Parmenides: who was, contributions and phrases

Parmenides is one of the most renowned pre-Socratic philosophers. His ideas and his reflections on Being had a great impact on the creation of later philosophical theories.

Last update: 30 March, 2022

Parmenides of Elea was a ancient Greek philosopher considered the father of Western metaphysics and founder of the Eleatic school. His main reflections and teachings have been extracted from his only written work, a poem entitled about nature.

This great thinker defended that the movement, the change and the variety of the existing things were pure appearance. There was only one eternal reality: Being. Let’s see in detail his philosophy and most significant contributions.

Who was Parmenides?

Parmenides was a Greek philosopher who was born between 530 BC and 515 BC in the city of Elea, a Greek colony in Magna Graecia (now southern Italy). Very little is known about the life of this thinker, since the records we have are stories and stories of his disciples and later philosophers. It is said that he was born into a wealthy family and that they held positions in the nobility.

So from a very young age he was immersed in political life and is believed to have held political office in Elea. In fact, it is claimed that he was responsible for establishing the first laws of the city.

Throughout his life, Parmenides wrote only one play, a philosophical poem titled about natureof which some fragments are preserved and from which their contributions and teachings have been reconstructed.

Some sources claim that his training as a philosopher began with Xenophanes and then continued with Aminias, a Pythagorean whom he preferred as a teacher. However, other references state that he was a disciple of Anaximander, one of the most influential natural philosophers.

Ancient Greece was the cradle of various philosophers and schools of thought that marked the West.


Philosophy and contributions of Parmenides

From the preserved extracts of his poem, the rational approach to Parmenides’ philosophy has been deduced. Among his reflections and contributions, the following stand out.

Being as something eternal and indivisible

The central foundation of Parmenides’ philosophy is the concept of Be, which is eternal, immutable and indivisible. His arguments to substantiate it are as follows:

  • The Being could not have been created, because if so, before its creation it was a “non-being”, that is, it did not exist. And if something does not exist, it simply is not. Therefore, being has always existed, is eternal.
  • Being does not change or transform in any waybecause if it becomes something else, then it is no longer, it ceases to be, so it becomes a “non-being” and this is impossible.
  • The division implies the existence of the void, that is, of the “non-being”. Therefore, it is necessary that the being be indivisible, a single unit. To explain this notion, Parmenides resorts to the image of the sphere, in which all spaces are made up of the same thing and have the same size. Thus, the Self is conceived as something that cannot be separated and that is equal to itself in all its areas.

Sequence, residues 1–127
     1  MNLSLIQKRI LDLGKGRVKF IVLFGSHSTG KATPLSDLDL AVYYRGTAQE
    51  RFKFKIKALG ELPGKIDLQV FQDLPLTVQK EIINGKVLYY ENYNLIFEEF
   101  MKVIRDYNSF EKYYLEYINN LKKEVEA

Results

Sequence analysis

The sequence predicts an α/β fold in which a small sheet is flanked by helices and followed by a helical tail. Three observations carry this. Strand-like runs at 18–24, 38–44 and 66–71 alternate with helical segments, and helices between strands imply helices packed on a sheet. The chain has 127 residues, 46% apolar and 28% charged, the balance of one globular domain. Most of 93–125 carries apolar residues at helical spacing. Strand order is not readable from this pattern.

This position makes him the extreme opponent of the thought of Heraclitus, another great pre-Socratic philosopher who argued that all things in the world were constantly changing.

pathways to knowledge

Parmenides was one of the first thinkers to reflect on the acquisition of knowledge. So there are two ways for him:

  • The way of truth (aletheia), which is acquired through reason and deals with what it really is. Therefore, it leads us to true knowledge.
  • The way of opiniondoxa)based on the illusions generated by the senses and the opinions of mortals, which leads us to a false, misleading knowledge and acceptance of non-being.

For Parmenides, the path of truth constantly seeks to refer to Being, name it and give it all the necessary importance. Since his access is obtained through reason, he states that thought and reality must coexist harmoniously, without any contradiction or objection.

The primacy of reason

For Parmenides, reality was not known by the senses, but through reason. Well, when knowledge depends on the senses, it will only be possible to obtain destabilizing elements that echo a world that is in constant transformation.

In this way, the reality that is shown as a result of perception does not exist, it is an illusion. In other words, it is an appearance of reality.

Years later, this thought led Plato to create his philosophical doctrine of forms; and that Aristotle developed metaphysics from him. It is because of that Parmenides is considered by many philosophers and philologists to be the founder of western metaphysics.

Furthermore, some argue that Parmenides competes with Aristotle for the title of father of logicsince it uses deductive arguments and formulates the logical principle of identity and non-contradiction.

The similarities with Aristotle lie in the logical deduction that both applied to draw conclusions.


Some famous phrases

To finish, we present the best phrases that Parmenides left:

  • “Change is an illusion.”
  • “Let reason decide alone.”
  • “You cannot recognize non-being, you cannot talk about it, because thought and non-being are the same thing.”
  • “Everything there is has always existed. Nothing can come from nothing. And something that exists cannot be turned into anything either.”
  • “We can only talk and think about what exists. And what exists has not been created and is imperishable because it is a whole, complete and does not change. It was not or should not be different from what it is now, all at once, one and continuous.

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